image

Figure 4.  Testosterone induced poly (ADP-ribose) polymerase (PARP) cleavage with activation of Chk2. Immunoblots were probed for mouse anti-human β-actin antibody as an internal control. DHT, dihydrotestosterone; p-Chk2, phosphorylated-Chk2.

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Discussion

  1. Top of page
  2. Abstract
  3. Materials and Methods
  4. Results
  5. Discussion
  6. References

Curcumin is extensively used as a spice or pigment in the Asian diet, especially in curry. An epidemiological study showed that a low incidence of large bowel cancer in Indians can be attributed to the intake of curcumin.(22) Animal studies revealed that dietary administration of curcumin inhibited the incidence of cancers.(23) Curcumin is under clinical trials mainly for various cancers and related diseases.(23) In in vivo analyses, curcumin has been shown to cause apoptosis and cell cycle arrest with inhibited cell growth, activation of signal transduction, and transforming activities in both androgen-dependent and independent prostate cancer cells.(5,6) Curcumin has anti-inflammatory and antioxidant properties through inhibiting the activation of NF-κB, reducing COX-2 and AKT, decreasing the production of IL-6.(24–27) Recent evidence suggests that genistein induces the DDR through ATM.(28) There is a report that curcumin induces the phosphorylation of ATM in pancreatic cancer cells.(29) To our knowledge, this is the first report that isoflavones and curcumin activate the DDR, such as the phosphorylation of ATM, histone H2AX, Chk2 and p53 proteins, in LNCaP cells. DNA damage checkpoints are activated in the early stages of human tumorigenesis, leading to cell-cycle blockade or apoptosis and thereby inhibiting tumour progression.(8) Thus, polyphenols such as isoflavones and curcumin might contribute to the prevention of prostate cancer by activating a DDR. The reduced incidence of prostate cancers in several Asian populations may be due to the additive effects of several compounds including curcumin and isoflavones commonly found in Asian foods.

Another finding of the present study was that testosterone enhanced apoptosis of LNCaP cells through a curcumin-induced DDR that was dependent on the androgen receptor. Several lines of study have shown that testosterone has a dual role of promoting both proliferation and differentiation in androgen-dependent prostate cancer cells.(30,31) A previous study has shown that testosterone mediates cellular proliferation signals in the prostate through increased expression of Skp2, the ubiquitin ligase that targets p27 for degradation,(32) while testosterone induces the cyclin-dependent kinase inhibitor p21Cip1.(33)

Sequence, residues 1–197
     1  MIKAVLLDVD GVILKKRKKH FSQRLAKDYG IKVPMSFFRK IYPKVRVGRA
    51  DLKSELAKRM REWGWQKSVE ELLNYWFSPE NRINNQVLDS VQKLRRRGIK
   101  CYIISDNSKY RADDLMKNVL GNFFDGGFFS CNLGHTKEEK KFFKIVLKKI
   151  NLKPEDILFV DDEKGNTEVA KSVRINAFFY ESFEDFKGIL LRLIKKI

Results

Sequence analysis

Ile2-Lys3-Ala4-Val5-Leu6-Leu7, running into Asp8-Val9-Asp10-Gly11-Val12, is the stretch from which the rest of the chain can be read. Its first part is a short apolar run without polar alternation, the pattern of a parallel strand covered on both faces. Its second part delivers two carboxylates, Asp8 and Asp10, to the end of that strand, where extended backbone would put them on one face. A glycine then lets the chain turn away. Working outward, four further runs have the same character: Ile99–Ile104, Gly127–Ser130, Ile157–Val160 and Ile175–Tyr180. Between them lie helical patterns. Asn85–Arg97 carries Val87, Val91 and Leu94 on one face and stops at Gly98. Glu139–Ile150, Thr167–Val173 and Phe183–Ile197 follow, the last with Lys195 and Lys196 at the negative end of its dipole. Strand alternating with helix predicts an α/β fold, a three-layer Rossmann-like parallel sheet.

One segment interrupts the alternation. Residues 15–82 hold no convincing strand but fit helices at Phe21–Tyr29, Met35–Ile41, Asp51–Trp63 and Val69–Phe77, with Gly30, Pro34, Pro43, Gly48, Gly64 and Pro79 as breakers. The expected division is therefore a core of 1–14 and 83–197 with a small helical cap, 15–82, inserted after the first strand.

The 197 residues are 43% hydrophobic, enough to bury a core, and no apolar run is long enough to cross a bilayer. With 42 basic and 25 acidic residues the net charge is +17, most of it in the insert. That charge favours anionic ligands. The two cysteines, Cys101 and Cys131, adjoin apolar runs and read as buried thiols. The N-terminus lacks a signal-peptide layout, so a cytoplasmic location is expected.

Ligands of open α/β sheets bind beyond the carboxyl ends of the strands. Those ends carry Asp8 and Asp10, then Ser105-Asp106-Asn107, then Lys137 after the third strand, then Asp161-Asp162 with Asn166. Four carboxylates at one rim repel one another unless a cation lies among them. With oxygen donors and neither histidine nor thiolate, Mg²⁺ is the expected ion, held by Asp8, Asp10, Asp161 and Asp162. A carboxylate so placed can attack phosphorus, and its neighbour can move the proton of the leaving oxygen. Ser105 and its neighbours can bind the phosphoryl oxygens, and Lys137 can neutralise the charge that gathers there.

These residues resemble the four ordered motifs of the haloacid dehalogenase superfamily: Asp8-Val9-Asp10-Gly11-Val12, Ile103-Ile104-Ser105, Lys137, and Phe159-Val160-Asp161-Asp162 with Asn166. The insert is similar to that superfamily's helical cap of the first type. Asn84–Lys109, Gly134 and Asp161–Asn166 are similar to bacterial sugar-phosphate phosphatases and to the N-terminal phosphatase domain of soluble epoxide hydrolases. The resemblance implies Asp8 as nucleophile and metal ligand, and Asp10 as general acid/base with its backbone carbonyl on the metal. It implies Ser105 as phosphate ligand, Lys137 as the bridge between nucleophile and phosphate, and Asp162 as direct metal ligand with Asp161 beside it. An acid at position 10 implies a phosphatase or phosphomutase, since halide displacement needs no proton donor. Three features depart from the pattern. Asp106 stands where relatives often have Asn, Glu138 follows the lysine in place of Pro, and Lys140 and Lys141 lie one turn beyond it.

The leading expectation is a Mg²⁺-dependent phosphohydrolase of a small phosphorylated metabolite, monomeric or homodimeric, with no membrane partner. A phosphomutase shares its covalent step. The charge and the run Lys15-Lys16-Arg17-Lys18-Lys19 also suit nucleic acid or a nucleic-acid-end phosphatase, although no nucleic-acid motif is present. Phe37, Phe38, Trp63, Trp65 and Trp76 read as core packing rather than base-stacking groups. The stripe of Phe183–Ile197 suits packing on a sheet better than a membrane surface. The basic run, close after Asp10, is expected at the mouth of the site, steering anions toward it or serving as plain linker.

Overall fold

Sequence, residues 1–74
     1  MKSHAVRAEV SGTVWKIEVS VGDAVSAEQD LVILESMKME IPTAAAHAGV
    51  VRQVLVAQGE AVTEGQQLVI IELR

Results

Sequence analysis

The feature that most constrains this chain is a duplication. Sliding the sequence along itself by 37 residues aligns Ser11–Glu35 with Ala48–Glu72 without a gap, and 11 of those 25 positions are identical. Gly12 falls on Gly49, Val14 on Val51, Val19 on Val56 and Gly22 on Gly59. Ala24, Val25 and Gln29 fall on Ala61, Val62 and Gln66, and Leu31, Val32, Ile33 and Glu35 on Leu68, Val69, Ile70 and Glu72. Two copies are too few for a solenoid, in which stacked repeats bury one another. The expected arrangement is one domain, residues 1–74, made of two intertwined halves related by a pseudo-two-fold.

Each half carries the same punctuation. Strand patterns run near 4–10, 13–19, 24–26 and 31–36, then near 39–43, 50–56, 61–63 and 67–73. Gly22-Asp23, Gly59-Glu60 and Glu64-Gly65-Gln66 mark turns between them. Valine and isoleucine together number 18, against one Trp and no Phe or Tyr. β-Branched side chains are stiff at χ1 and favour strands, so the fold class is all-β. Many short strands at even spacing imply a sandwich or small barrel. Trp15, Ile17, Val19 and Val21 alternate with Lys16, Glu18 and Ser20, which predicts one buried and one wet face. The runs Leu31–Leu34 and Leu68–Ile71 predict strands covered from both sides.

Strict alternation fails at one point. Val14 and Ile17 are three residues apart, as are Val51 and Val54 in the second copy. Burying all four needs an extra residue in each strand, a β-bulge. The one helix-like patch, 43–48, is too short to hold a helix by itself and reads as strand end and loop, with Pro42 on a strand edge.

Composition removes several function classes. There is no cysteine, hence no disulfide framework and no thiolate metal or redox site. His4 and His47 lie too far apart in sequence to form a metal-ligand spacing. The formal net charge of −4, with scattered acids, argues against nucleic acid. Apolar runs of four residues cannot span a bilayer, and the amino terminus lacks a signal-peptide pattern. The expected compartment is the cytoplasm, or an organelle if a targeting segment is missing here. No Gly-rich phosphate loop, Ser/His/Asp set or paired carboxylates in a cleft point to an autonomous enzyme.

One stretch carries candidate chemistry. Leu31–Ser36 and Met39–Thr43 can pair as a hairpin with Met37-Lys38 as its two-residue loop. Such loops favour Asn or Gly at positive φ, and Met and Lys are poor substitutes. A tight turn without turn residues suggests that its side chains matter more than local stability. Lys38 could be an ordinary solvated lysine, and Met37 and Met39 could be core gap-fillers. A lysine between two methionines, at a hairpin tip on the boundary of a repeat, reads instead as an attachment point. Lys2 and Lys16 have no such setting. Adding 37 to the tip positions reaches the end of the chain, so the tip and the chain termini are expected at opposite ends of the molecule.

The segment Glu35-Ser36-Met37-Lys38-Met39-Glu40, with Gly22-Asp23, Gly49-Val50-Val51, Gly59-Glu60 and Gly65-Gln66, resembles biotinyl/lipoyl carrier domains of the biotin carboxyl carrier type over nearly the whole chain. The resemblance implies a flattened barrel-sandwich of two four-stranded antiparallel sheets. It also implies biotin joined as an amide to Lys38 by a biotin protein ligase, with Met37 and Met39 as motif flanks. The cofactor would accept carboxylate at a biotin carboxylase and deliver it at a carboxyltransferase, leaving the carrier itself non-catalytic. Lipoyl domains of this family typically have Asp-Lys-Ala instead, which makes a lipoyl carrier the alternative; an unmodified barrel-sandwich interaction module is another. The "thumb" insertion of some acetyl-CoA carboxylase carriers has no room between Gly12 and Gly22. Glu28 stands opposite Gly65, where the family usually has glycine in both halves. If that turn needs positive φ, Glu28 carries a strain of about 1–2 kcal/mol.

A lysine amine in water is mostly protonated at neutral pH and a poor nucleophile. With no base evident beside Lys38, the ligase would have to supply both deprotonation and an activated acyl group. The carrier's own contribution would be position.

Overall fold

Our data demonstrated that in combination with curcumin testosterone lost its proliferative effect on LNCaP cells and contributed to a DDR. Currently, androgen deprivation is the gold standard for the treatment of metastatic prostate cancer. However, this treatment has the limitation that many of these cancers eventually become androgen independent, and the deprivation of androgen may cause serious morbidities, including obesity, hypertension and osteoporosis.(34) Therefore, our findings might have clinical implications for the development of new strategies for the prevention and treatment of prostate cancer that do not depend on androgen deprivation. The mechanism underlying this curcumin-induced testosterone-enhanced DDR warrants further study.

The present study also showed that certain combinations of polyphenols worked additively. It is both reasonable and practical to combine such components in daily diets rather than take single constituents daily to prevent the onset of cancer.

In conclusion, a combined treatment of soy isoflavones and curcumin additively induced a DDR in cultured prostate cancer cells. In addition, testosterone enhanced signals of DDR markers induced by curcumin treatment. Our findings suggest a potential protective effect of curcumin treatment against prostate carcinogenesis.

References

  1. Top of page
  2. Abstract
  3. Materials and Methods
  4. Results
  5. Discussion
  6. References